This man had been mourning his son for who knows how long, when some friends when ahead to tell him he was alive he went weak. They weren’t holding him back, they were holding him UP! They were doing their best to bring their frantic friend back towards the boy he thought he’d never be able to kiss, or to hold again. Moments like this are chaotic, but this is chaos at it’s finest. Moments like these are worth living and dying for – may all beings grow to know peace

    2. Jody says:

      My thoughts on the men holding the father back was that he might frighten the boy. The child was maybe two? There was a lot of shouting and emotions. All too much for a baby. I’m thankful there was a woman there to calm the boy. I think it is natural for a human being to praise their god when somewhat of a miracle happens. I think all the men got caught up in the moment, they weren’t trying to ruin it. My two cents.

  4. AZ says:

    All of you do realise it’s all about perspective right? ‘Something just seems a bit off’ of course it feels off, it’s different from how we live. The lack of women disturbs you? It’s a violent situation! The group of men who found the boy took him home, there was no female involvement as such or maybe they didn’t focus on it which is not a big deal. The chaos and the war and the mention of religion so disturbing to all of you is normal for all of them. Aside from all the lack of females nothing in this video should have been ‘disturbing’. Their Allahukbaring is no different from cries of ‘thank god!’. We are very religiously inclined as well, it sounds annoying when allah is mentioned but then why does mentioning god not make us feel weird at all. And its a situation that invokes chaos, you expect them to be calm? They are all over whelmed!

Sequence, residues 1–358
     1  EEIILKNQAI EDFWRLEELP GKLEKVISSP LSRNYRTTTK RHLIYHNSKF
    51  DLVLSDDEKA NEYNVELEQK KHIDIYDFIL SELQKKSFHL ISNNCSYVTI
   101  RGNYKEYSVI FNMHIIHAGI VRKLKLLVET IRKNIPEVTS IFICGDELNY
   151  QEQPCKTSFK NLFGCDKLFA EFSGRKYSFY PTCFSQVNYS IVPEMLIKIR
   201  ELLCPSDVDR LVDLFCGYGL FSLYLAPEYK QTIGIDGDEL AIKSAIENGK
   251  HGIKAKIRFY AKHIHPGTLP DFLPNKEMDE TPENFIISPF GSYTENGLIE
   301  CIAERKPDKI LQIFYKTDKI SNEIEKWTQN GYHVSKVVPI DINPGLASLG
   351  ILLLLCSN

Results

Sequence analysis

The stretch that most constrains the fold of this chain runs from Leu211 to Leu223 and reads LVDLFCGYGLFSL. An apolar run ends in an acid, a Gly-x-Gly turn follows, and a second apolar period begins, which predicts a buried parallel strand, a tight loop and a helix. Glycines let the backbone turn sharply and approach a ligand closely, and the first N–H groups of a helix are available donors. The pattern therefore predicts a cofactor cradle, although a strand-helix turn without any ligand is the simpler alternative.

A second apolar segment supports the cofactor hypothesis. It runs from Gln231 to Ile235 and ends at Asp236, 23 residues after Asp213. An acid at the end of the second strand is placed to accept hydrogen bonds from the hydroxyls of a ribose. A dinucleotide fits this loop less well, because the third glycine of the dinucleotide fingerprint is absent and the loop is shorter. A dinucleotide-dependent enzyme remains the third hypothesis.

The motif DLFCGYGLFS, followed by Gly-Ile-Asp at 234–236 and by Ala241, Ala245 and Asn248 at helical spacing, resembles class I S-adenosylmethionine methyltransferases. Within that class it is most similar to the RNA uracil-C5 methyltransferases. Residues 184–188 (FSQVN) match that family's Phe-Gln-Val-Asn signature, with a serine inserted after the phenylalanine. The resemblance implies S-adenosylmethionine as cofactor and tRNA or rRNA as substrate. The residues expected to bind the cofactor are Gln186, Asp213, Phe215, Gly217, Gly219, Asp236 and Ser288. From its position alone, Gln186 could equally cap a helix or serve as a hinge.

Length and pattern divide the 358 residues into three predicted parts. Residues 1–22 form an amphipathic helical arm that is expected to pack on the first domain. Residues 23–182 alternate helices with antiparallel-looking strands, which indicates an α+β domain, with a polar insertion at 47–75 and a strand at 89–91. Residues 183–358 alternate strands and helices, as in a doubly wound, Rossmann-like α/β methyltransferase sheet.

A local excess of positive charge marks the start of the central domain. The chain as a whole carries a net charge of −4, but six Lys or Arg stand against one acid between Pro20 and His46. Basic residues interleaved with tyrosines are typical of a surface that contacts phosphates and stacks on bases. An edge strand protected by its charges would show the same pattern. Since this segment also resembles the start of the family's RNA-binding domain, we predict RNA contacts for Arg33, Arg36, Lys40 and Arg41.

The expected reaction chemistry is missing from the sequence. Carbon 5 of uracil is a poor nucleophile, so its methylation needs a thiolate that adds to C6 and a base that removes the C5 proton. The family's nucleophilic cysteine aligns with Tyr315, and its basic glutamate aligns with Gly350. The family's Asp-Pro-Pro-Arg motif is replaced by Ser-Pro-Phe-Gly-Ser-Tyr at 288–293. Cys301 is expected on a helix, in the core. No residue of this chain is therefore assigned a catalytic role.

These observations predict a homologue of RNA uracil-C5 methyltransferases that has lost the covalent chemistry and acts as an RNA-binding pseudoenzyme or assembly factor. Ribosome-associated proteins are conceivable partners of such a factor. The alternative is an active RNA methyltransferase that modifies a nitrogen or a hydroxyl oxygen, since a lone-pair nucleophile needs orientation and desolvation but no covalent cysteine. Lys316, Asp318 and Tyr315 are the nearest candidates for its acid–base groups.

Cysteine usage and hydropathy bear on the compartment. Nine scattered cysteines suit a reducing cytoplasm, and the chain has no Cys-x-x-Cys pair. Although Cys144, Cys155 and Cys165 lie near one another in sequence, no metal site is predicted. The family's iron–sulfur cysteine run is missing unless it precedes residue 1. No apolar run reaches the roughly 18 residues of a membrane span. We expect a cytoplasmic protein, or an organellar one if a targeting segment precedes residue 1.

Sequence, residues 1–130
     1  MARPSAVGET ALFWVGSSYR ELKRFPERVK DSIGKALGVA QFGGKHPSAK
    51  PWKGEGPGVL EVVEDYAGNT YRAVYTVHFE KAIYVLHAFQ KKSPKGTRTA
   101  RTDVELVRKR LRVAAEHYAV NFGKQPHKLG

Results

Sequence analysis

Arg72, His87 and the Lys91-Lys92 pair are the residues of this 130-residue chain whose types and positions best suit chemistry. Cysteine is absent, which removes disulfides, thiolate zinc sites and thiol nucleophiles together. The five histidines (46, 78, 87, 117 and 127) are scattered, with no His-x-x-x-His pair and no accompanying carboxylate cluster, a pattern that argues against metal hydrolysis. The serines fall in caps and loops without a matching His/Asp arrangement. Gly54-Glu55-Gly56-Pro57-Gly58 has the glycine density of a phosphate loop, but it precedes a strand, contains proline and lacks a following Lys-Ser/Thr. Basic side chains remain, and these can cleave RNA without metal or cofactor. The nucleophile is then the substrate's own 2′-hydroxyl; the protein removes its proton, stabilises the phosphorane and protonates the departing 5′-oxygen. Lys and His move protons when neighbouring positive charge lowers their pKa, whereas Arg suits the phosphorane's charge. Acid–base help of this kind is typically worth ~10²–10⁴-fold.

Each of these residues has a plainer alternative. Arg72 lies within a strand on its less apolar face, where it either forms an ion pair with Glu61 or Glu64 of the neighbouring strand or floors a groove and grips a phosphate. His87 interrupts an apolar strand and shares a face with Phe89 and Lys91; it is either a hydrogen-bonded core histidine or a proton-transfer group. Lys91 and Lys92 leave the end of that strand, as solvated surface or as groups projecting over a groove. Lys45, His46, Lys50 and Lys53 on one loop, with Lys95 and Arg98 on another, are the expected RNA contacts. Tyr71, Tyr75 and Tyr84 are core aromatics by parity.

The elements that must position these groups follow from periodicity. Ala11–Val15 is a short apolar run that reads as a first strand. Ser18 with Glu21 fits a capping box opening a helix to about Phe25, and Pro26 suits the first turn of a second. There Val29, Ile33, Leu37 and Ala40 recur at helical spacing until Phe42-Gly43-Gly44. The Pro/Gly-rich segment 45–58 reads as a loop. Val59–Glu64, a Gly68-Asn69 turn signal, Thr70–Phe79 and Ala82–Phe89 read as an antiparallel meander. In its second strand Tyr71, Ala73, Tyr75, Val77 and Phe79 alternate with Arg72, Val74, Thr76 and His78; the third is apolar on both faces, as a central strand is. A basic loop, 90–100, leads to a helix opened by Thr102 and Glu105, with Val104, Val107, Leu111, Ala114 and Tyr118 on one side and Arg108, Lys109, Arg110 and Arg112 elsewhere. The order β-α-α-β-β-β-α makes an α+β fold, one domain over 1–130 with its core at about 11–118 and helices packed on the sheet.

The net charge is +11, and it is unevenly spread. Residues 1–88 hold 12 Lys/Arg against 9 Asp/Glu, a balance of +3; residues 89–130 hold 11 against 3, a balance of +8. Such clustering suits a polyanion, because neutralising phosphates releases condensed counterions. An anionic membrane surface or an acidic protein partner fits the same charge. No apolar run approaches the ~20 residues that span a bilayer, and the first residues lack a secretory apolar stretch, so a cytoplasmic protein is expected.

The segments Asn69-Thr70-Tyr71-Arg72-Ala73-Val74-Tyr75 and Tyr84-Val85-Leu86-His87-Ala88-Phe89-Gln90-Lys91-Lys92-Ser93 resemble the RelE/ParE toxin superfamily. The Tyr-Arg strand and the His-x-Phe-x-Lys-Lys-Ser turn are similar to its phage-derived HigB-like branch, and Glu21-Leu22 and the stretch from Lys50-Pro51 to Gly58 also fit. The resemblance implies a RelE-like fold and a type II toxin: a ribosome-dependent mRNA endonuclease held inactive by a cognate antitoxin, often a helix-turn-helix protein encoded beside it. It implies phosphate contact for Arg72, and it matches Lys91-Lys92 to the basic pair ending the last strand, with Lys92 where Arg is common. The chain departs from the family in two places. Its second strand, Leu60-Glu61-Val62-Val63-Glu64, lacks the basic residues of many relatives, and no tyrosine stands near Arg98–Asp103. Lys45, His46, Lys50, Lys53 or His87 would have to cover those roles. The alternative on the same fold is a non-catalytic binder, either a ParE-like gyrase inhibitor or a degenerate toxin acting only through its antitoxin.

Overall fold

I’m so tired of this superior attitude that everyone has. Fine our women are more liberated than theirs but its not like there aren’t problems, we have our own sets of issues to deal with and they have their own. The entire clash of cultures is because they refuse to compromise some of their ways and we refuse to be satisfied unless everyone looks like a version of us

    1. Michelle says:

      Damn right. Did it ever occur to anyone that when they held the father back it was so they could take him to his mother?

  5. Sarah says:

    I wish I knew what they were saying. Can anyone translate?

    I love how gingerly the father was holding his boy. I teared up a bit!

  6. Kim says:

    Did it ever occur to those of you who have such nasty things to say that the boy’s mother may have been killed? It’s doubtful he was there alone. Why can’t you just see this beautiful reunion for what it is?

    1. Nate says:

      Kim, that’s what it seems like to me. Especially the fathers reaction on the couch holding the boy. I would suspect the mother was killed when they thought the boy was.

  7. Kristina says:

    Guys, different does not equal disturbing. American culture has a rather extreme respect for privacy and personal space; this culture obviously values brotherly care and physical touch. They were obviously being very loving and the father appeared to appreciate it.

  8. B says:

    Ugh, why, why post a video like this. It just gives an opportunity for stupid religious debates that are a waste of everyone’s time. I swear, this site loves to post things to rile up the masses. You do realize that every time we all get into a fight here, we’re all just puppets, right? Somewhere, the site master is laughing maniacly and saying, “Dance, puppets, dance!”

  9. Spot says:

    Having lived in that part of the world, chances are that most of these men are family and from the same small village. The birth of a son would have been a big deal in the community. They probably all grew up together and the loss of the boy shook everyone. Seeing this boy brought back was a big deal to everyone. In light of all those men in the home, the women/mother (if she was alive) was kept aside as is the custom. It appears that a female does come in and takes the boy near the end. It also looks like the older man with the cigarette is telling everyone to leave now. To give them space. It was beautiful and I cried. I’m so glad he got his baby back!

  10. Frimmy says:

    I started reading comments here and I don’t know WTF happened so I stopped reading them. So if someone already said what I’m about to say, I apologize. This man reacted the same way I or my son’s father would have reacted if our son had been reunited with us in the same way. He reacted the same way any normal father/parent would have reacted anywhere on this planet. Why the hell can’t we stop killing each other?